Anil Deshmukh: Will consult centre for extradition of Tahawwur Rana
"Everybody knows who was the mastermind behind the 26/11 attacks here in Mumbai. We will speak to our senior police officials and the Centre to understand the further course of action," Deshmukh said while speaking to reporters
Maharashtra Home Minister Anil Deshmukh on Saturday said that the state government will discuss with the Centre the extradition process of Pakistan born Canadian Tahawwur Rana, who has been arrested in Los Angeles to face murder charges in India for the 2008 Mumbai terror attacks in which over 160 people were killed.
"Everybody knows who was the mastermind behind the 26/11 attacks here in Mumbai. We will speak to our senior police officials and the Centre to understand the further course of action," Deshmukh said while speaking to reporters.
According to The Washington Post, the Chicago based businessman Tahawwur Rana, was convicted of a crime related to the 26/11 Mumbai terror attacks, although US prosecutors had failed to prove a terrorism charge that connected him directly to the rampage during his 2011 trial.
The Pakistan-born Canadian was serving a 14-year sentence at a Los Angeles federal prison before he was granted an early release last week because of poor health and about of coronavirus. However, "he was not able to get out of prison before being arrested to face extradition to India," prosecutors were quoted as saying.
Rana was convicted in Chicago in 2011 of providing material support to the Pakistan based terror group Lashkar-e-Taiba, which planned the Mumbai terror attack and for supporting a never-carried-out plot to attack a Danish newspaper that printed cartoons of the Prophet Muhammed in 2005.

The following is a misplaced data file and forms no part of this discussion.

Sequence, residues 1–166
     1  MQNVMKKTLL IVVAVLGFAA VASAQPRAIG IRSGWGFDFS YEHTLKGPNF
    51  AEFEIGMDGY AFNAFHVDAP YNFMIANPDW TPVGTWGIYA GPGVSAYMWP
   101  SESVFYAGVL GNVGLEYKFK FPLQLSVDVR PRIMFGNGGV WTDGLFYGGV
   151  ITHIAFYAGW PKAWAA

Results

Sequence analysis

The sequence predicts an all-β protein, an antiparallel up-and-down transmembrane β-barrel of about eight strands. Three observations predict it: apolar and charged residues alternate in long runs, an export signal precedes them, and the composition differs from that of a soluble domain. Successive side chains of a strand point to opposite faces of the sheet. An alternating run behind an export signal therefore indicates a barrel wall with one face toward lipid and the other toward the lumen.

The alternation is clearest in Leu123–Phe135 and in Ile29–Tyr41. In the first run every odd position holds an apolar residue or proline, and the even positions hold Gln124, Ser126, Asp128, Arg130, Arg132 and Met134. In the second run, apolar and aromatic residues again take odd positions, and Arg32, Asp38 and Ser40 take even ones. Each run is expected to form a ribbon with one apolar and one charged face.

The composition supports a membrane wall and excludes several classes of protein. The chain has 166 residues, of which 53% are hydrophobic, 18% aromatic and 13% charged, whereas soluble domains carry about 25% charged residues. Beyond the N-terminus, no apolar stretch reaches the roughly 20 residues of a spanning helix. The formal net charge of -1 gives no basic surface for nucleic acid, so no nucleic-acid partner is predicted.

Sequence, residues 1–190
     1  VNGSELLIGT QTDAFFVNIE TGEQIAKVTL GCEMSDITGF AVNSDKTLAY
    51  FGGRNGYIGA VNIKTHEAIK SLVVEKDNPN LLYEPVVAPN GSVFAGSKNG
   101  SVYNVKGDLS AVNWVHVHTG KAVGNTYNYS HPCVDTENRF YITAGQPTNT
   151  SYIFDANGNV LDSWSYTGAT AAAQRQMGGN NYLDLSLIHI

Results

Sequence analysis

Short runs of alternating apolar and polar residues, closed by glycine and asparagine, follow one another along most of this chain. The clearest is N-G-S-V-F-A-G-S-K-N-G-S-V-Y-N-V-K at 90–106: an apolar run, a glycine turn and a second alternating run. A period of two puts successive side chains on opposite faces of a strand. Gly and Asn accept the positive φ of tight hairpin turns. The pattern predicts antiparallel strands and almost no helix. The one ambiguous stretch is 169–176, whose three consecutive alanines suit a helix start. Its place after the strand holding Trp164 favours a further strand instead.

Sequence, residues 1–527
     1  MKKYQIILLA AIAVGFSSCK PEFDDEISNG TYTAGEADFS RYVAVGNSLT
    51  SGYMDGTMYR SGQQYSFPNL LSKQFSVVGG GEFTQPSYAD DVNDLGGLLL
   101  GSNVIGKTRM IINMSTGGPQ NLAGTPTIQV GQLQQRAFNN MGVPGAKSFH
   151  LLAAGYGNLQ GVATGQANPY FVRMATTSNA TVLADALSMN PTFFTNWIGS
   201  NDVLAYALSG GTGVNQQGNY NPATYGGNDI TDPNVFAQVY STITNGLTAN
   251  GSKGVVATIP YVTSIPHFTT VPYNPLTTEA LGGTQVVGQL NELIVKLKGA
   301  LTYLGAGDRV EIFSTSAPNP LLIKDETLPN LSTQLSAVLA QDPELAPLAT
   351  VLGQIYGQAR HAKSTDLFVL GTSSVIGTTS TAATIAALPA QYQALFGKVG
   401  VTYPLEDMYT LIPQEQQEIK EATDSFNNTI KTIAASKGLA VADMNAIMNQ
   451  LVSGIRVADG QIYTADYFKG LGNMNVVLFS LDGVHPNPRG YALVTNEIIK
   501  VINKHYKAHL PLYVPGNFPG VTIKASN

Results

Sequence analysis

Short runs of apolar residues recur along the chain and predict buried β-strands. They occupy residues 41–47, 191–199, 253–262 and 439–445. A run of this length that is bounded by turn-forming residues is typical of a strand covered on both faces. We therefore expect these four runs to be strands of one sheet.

He was accused of allowing David Coleman Headley to open a branch of his Chicago-based immigration law business in Mumbai as a cover story and travel as a representative of the company in Denmark.
Rana has been charged "with murder and murder conspiracy in India, according to court documents", he had however been cleared of the more serious charge of "providing support for the attacks in Mumbai."
Mumbai had come to a standstill on November 26, 2008, when 10 Lashkar-e-Taiba (LeT) terrorists who entered the city via sea route from Pakistan carried out a series of coordinated shooting and bombings that injured over 300 and claimed the lives of 166 people in India's financial capital.
The attacks took place at Chhatrapati Shivaji Terminus (CST) railway station, Cama Hospital, Nariman House business and residential complex, Leopold Cafe, Taj Hotel and Tower and the Oberoi-Trident Hotel.
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